I seal my miniatures with Liquitex High Gloss Varnish through an airbrush and then do a matte coat. Last year, I put a number of figures away sealed with gloss but did not get around to putting a matte coat on them. Figures were primed with Badger Stynylrez, had several paint brands used on them and washed with an ink/liquitex medium/flow improver/slow dri home made mix. Some of these figures were Reaper Bones, some were not. They were all kept in a display case that, while not airproof, does keep dust out and is not in direct sunlight. The metal, resin and hard plastic figures have cured just fine and are not sticky at all. Even the bases of the bones figures, which are green stuff or plastic are not sticky. Only the bones figures themselves have become tacky. Some are barely sticky, some are so sticky I can press my finger to them and life the figure up without fear of it falling. I don't know when the problem happened, but the figures were sealed at various points last year and some had no issues for at least weeks after being sealed. Other bones painted at the time that were not sealed do not have this issue.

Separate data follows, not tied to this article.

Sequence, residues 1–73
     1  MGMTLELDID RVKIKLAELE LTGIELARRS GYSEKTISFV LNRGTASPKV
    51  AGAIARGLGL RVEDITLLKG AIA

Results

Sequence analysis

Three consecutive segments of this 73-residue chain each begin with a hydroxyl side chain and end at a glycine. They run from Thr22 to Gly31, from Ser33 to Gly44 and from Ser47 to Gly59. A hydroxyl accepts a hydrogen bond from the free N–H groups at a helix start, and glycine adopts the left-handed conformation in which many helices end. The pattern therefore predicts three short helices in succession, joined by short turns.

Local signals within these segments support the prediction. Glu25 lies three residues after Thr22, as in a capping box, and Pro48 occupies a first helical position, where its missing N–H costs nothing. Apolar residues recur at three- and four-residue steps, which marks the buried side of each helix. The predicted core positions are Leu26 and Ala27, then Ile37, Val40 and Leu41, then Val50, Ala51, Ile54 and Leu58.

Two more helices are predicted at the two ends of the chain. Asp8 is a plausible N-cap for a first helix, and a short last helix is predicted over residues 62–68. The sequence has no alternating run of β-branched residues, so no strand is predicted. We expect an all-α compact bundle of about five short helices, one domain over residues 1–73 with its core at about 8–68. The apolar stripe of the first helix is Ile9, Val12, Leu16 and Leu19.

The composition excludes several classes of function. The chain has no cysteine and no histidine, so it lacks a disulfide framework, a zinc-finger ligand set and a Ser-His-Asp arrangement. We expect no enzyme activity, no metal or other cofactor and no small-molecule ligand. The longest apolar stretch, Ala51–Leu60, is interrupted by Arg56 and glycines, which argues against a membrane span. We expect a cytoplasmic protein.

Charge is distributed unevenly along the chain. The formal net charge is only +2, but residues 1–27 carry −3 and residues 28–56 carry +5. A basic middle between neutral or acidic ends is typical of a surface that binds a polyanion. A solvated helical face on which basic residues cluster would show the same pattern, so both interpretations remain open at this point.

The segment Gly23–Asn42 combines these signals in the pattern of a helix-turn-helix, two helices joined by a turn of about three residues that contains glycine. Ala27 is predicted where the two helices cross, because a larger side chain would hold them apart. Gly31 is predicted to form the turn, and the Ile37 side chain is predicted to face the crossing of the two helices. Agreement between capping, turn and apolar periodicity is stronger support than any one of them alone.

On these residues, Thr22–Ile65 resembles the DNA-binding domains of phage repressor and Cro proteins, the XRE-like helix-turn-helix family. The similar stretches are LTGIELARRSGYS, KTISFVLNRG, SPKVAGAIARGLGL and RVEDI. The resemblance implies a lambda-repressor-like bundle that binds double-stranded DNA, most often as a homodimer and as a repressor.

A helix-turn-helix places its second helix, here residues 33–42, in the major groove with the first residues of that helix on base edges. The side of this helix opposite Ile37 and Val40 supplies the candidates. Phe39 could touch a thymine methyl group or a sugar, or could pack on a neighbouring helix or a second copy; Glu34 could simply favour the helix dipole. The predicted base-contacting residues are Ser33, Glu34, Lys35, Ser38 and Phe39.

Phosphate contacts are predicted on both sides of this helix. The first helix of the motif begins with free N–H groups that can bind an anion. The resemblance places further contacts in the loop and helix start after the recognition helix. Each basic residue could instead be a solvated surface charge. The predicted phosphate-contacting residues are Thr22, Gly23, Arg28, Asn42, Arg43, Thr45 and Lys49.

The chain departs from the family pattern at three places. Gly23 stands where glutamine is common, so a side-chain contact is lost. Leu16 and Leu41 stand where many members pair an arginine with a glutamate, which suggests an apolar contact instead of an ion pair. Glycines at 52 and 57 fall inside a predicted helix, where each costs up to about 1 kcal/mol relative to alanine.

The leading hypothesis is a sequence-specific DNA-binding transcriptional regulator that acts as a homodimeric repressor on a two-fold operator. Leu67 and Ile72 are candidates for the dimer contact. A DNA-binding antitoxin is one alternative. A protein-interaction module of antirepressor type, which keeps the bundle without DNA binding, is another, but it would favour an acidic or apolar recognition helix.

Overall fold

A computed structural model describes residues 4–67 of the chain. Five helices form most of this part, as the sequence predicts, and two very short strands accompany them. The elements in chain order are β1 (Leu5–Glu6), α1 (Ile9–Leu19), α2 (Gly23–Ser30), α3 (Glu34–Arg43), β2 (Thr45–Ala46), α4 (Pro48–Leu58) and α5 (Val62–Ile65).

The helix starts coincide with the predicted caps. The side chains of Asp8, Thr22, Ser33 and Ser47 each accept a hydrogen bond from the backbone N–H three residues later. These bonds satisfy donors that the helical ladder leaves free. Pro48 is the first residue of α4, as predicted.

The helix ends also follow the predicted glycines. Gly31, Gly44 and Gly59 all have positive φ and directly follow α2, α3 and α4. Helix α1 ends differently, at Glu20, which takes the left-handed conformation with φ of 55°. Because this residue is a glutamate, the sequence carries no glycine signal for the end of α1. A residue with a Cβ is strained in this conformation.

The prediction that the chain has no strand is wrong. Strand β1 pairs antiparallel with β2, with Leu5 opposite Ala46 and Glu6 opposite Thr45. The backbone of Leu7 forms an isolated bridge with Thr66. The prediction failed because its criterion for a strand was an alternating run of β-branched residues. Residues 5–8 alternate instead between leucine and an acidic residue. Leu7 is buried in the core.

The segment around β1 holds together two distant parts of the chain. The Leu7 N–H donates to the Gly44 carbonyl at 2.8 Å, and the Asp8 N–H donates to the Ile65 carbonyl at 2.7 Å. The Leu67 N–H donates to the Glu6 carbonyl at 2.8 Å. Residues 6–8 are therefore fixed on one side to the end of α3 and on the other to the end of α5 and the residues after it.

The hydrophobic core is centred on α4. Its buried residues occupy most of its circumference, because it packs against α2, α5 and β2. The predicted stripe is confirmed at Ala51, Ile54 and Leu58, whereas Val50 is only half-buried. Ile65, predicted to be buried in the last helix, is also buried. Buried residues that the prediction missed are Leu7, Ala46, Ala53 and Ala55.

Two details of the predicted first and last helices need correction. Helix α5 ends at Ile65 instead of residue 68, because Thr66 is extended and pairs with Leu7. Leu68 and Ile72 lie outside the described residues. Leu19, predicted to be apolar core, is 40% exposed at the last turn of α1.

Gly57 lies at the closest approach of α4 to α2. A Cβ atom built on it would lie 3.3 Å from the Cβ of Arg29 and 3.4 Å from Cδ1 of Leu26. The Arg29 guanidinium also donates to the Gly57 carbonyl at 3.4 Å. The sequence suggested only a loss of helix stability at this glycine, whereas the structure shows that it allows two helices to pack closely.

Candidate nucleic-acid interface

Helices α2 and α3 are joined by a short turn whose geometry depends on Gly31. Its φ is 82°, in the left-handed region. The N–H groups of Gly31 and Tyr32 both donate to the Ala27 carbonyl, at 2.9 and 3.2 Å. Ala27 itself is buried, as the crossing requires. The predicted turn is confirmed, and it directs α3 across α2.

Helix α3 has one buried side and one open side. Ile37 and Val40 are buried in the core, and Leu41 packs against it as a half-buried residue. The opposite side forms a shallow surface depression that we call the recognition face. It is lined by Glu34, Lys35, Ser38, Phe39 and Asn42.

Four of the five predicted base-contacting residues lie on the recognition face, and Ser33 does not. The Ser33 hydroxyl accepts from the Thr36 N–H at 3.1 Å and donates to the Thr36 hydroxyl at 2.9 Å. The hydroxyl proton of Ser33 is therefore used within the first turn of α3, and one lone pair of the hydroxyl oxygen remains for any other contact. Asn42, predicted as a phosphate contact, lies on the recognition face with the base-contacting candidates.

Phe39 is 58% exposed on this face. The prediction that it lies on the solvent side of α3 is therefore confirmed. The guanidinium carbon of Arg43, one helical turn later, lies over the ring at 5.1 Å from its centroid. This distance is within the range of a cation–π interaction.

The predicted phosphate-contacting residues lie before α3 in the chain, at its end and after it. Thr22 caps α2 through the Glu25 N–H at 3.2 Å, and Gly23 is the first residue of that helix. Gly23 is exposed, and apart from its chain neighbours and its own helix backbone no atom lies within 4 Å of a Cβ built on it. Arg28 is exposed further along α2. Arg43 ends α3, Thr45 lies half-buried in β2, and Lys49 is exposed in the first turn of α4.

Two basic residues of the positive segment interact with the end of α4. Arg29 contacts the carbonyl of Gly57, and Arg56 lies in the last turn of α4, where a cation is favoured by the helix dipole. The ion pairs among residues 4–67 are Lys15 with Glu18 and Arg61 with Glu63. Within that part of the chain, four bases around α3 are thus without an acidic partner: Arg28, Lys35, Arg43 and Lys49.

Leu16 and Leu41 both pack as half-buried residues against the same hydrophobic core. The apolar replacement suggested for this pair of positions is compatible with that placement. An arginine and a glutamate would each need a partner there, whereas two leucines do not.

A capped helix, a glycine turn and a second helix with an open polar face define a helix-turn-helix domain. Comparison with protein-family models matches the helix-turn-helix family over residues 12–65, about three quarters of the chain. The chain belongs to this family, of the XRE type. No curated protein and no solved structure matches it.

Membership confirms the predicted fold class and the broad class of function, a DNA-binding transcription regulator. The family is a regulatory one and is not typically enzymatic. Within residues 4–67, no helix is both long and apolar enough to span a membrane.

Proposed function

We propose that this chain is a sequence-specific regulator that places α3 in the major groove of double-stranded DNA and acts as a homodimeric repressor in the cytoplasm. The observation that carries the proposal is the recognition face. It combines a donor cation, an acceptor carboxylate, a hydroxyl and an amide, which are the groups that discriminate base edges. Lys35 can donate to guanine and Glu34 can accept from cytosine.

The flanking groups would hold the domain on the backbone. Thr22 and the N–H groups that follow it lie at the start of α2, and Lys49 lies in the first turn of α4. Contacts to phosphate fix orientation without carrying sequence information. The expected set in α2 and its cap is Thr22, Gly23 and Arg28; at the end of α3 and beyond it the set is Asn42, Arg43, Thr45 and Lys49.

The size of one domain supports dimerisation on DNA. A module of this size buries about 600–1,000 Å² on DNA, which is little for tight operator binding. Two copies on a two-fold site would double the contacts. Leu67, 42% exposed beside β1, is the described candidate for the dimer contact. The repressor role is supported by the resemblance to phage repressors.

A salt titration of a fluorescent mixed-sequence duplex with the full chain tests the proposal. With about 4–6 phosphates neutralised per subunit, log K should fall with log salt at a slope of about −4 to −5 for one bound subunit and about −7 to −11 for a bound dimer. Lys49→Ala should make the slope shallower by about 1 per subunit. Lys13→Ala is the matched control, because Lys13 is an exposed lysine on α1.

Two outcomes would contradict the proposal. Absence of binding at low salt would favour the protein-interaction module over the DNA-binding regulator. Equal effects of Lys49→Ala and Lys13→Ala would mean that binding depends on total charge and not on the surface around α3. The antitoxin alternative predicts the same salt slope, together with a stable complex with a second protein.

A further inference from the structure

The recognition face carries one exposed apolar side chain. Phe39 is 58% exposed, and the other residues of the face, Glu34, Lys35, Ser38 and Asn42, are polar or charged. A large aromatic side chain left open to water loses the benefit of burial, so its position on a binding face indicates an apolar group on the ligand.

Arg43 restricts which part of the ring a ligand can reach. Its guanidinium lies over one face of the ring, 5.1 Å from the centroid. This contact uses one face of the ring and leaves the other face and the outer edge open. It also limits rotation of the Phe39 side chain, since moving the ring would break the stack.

The problem seems to be some kind of reaction with the bones material and the liquitex high gloss varnish that happens through the primer/paint. I've only read up on issues with them becoming tacky when aerosols that react with the bones material. I'm concerned if I matte them, the tackyness will just come through again. I had some issues with the same problem with Liquitex High Gloss and bones a few years ago when I started using it. After some change in application/use I eventually got it to work without issue (or at least with no immediate issue.)
Has anyone else experienced your bones becoming tacky months after being sealed with no issues beforehand? Any idea why it is happening or if there is something I can do to fix and/or prevent it?
A newcomer to the forums just made a comment that they did not know what Dullcote was, so after explaining what it was and adding a pic of the can, I thought I would add a link to a discussion on sealers....